At the moment, I can only be sure that I am deeply hurt and upset by the events of the evening.

Katherine W.

cc: Better Business Bureau, OCR Region I


At 6:15 p.m. on the evening of Tuesday, November 3, 2009, my husband Willem was in your office to attend his initial examination. My children and I arrived shortly after he did, and planned to remain in the waiting room during his appointment. Upon our entry, Ms. Poulin arose and began speaking to me from behind the counter. She did not identify herself or make any attempt to lower her voice or move the conversation to a more private area. When I acknowledged my name, she walked into the room and asked if it was true that I planned to have any fillings or more extensive work performed by a different dentist. I said that this was, tentatively, the plan, but that I couldn’t know the full plan until I had seen the dentist for an initial consultation.

 

She stated that I could only be seen in your office if I was prepared to allow you to perform any and all necessary procedures. I was surprised, and explained that while my circumstances were out of the ordinary, I had never had a problem with this at any prior dental offices. We had a brief interaction in which she demanded to know why I was seeking this unusual approach to dental care, and she interrupted me several times. At least twice, she made reference to “your phobia,” but then later stated, “We didn’t know you had a problem.” She carried on this discussion in full view and hearing of my two young children and another woman in the waiting room.

When I was able to intervene, I requested that we move the conversation elsewhere. She stated that there was nowhere more private that we could go, but then led me through a door and into an examination room containing two dentist chairs. One was occupied by another patient, and the other was unused. She then attempted to repeat the previous discussion, despite the fact that there was no more privacy or discretion there than in the waiting room. It was at this point that I was overcome by a complete panic attack, including hyperventilation, nausea and incoherence. I left the building as quickly as possible and spent several minutes outside.  No one made any effort to check on my well-being during this time.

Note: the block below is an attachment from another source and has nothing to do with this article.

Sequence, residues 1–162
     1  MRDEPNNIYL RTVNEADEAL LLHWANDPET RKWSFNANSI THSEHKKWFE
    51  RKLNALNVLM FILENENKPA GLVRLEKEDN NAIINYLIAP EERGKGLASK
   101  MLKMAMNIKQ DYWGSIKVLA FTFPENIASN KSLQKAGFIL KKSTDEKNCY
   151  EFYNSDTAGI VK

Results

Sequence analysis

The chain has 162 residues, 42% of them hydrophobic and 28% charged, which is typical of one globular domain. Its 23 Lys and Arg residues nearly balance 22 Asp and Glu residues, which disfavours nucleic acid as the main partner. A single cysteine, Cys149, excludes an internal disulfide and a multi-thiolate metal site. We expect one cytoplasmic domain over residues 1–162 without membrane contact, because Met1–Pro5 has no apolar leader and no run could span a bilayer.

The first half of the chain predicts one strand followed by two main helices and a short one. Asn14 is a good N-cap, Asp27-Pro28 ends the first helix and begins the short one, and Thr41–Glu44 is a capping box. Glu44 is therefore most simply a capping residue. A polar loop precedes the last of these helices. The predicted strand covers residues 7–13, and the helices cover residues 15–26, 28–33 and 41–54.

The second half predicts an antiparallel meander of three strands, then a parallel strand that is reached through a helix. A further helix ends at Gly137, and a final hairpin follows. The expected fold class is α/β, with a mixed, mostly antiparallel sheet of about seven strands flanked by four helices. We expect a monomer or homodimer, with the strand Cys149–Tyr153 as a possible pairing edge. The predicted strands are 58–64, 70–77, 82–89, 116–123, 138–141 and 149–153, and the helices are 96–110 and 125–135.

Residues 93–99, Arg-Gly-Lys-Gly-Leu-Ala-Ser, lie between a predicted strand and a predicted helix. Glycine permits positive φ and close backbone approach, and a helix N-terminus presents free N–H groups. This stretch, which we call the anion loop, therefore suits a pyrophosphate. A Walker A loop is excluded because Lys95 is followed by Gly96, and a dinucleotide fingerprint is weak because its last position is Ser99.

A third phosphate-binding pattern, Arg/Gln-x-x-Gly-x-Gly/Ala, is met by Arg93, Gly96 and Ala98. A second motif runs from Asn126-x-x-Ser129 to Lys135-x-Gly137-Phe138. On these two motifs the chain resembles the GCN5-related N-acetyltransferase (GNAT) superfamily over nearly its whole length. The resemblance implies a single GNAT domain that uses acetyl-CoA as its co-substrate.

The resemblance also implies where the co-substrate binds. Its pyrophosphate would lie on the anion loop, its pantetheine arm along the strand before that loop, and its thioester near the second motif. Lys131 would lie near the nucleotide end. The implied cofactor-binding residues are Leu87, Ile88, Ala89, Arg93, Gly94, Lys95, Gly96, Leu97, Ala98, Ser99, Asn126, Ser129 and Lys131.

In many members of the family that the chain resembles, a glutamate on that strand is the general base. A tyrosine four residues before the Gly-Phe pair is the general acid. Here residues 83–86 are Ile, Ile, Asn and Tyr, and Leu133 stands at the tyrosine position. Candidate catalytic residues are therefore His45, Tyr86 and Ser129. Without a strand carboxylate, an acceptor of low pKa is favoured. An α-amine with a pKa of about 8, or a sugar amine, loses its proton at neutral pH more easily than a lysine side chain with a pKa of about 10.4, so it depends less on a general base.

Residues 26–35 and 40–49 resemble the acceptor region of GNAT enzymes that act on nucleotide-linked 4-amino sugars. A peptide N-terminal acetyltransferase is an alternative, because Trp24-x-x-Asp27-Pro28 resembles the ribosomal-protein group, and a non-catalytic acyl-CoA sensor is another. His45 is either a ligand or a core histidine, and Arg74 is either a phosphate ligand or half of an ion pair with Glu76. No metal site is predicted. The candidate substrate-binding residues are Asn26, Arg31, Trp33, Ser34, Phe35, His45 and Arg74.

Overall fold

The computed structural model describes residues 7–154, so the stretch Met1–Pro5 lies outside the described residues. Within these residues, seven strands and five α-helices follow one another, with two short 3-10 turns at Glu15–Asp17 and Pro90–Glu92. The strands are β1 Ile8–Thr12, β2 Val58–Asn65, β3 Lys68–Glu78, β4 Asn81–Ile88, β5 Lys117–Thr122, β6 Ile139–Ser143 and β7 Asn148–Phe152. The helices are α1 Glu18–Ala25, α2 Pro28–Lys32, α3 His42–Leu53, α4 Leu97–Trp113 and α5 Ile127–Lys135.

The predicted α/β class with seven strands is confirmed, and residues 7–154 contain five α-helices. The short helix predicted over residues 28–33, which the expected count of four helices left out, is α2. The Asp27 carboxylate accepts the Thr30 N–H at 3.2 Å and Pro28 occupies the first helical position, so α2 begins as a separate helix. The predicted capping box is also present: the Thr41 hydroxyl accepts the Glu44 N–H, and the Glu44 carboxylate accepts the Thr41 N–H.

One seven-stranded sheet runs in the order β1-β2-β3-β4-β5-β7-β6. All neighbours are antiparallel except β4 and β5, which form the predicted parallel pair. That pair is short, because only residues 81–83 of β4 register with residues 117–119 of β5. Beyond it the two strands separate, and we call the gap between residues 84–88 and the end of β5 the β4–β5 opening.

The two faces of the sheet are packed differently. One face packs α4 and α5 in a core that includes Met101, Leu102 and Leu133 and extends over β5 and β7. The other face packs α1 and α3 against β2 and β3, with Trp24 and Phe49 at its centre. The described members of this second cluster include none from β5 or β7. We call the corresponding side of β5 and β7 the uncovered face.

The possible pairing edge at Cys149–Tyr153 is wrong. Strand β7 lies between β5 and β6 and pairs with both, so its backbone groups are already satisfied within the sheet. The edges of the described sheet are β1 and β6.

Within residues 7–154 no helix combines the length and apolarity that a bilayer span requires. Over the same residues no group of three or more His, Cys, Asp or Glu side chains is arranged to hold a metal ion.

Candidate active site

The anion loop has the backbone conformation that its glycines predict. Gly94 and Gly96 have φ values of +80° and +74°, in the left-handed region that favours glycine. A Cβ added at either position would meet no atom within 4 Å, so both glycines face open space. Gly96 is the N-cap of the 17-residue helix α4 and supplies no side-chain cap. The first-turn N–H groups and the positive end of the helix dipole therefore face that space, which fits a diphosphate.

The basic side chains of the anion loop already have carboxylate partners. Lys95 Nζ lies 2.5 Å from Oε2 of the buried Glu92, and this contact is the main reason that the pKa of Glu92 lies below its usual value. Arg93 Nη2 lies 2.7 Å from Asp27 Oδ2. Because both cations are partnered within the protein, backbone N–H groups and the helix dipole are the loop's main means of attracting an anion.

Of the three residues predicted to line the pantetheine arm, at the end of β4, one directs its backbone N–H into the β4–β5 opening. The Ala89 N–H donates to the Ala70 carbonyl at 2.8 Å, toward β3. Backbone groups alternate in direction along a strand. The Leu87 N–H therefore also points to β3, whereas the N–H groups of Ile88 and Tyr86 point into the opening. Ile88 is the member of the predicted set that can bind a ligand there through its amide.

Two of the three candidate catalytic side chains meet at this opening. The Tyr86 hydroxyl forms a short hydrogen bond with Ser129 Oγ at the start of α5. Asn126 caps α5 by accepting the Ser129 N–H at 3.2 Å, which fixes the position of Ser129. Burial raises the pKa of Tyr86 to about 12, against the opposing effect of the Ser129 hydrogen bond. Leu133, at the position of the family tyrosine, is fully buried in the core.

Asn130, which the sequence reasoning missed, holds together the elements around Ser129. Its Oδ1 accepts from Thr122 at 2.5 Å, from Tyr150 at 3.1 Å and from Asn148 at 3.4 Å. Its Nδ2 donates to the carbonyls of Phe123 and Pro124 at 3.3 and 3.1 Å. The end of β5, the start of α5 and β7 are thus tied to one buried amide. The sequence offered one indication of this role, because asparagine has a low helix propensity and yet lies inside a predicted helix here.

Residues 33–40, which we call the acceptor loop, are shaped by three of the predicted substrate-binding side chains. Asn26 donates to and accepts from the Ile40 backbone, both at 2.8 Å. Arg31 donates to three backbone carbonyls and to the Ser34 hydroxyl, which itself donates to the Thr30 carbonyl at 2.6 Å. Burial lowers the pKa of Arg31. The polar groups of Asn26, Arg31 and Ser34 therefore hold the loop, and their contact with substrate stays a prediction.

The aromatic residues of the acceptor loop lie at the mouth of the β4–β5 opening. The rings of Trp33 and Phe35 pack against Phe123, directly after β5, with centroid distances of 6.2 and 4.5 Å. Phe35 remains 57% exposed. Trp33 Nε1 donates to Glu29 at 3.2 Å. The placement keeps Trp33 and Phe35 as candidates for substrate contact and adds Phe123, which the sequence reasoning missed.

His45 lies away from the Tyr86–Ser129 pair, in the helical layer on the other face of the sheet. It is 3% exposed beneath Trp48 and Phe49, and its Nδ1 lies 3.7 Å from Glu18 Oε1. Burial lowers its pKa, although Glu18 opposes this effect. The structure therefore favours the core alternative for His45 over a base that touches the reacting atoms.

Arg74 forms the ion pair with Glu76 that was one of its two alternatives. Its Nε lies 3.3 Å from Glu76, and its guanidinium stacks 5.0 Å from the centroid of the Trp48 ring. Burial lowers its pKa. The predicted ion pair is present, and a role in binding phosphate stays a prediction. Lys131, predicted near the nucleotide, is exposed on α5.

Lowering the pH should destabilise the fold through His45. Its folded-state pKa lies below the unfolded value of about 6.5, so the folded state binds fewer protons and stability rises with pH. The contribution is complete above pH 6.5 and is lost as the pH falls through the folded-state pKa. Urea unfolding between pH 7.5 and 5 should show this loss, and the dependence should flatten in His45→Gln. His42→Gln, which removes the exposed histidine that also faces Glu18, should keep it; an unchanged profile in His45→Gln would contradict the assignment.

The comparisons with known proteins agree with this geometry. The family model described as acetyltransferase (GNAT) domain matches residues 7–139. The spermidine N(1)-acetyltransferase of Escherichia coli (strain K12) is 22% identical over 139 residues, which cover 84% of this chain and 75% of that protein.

Upon my return to the office, I approached Ms. Poulin, and stated, “I think you’re right. This office is not interested in my business. Please return our paperwork and let my husband know that it is time to leave.” She relinquished my forms, but stated that she could not return my husband’s forms to me and that she would not inform him of what was happening, because he was in the middle of an exam. I felt that my extreme emotional dysregulation was adequate reason to interrupt, and began walking toward the back of the building. She accompanied me, stopping to talk to a man in an adjoining room. I learned from your website that it was you, but you were never introduced or identified to me. Neither of you spoke to me, and so I said my husband’s name once and told him I needed to leave. He was able to join me immediately, because the x-ray machine was malfunctioning and thus he was not actually in the middle of an exam. After an extremely uncomfortable and ineffective exchange at the desk, in which you repeated many of the things Ms. Poulin had stated earlier – again, all in clear earshot of my children and of at least two strangers and another staff member – and had to be reminded by me that I was in no shape to be carrying on a conversation at that time.

We left the building, and I returned to our vehicle with the children. My husband returned, in an effort to gain clarity into your decisions, both regarding my care and regarding my treatment by yourself and your office manager. He was unsuccessful in this effort, instead finding you to be defensive and uncommunicative. At one point, you made a dismissive reference to my mental health, suggesting that my phobia was probably related to something in my childhood, and later stated that whomever I subsequently tried to see, I should ask for an initial consultation before an intake examination. Apparently this is not a service you were willing to provide, yourself, despite the fact that I had been clear about my extreme dental phobia from the first phone call.

You continued to refuse to return my husband’s paperwork, stating that he was considered a patient now and you couldn’t relinquish his medical records. You did concede that charging him for his appointment would be inappropriate, and he left the building for the last time at approximately 6:45 p.m.

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Responses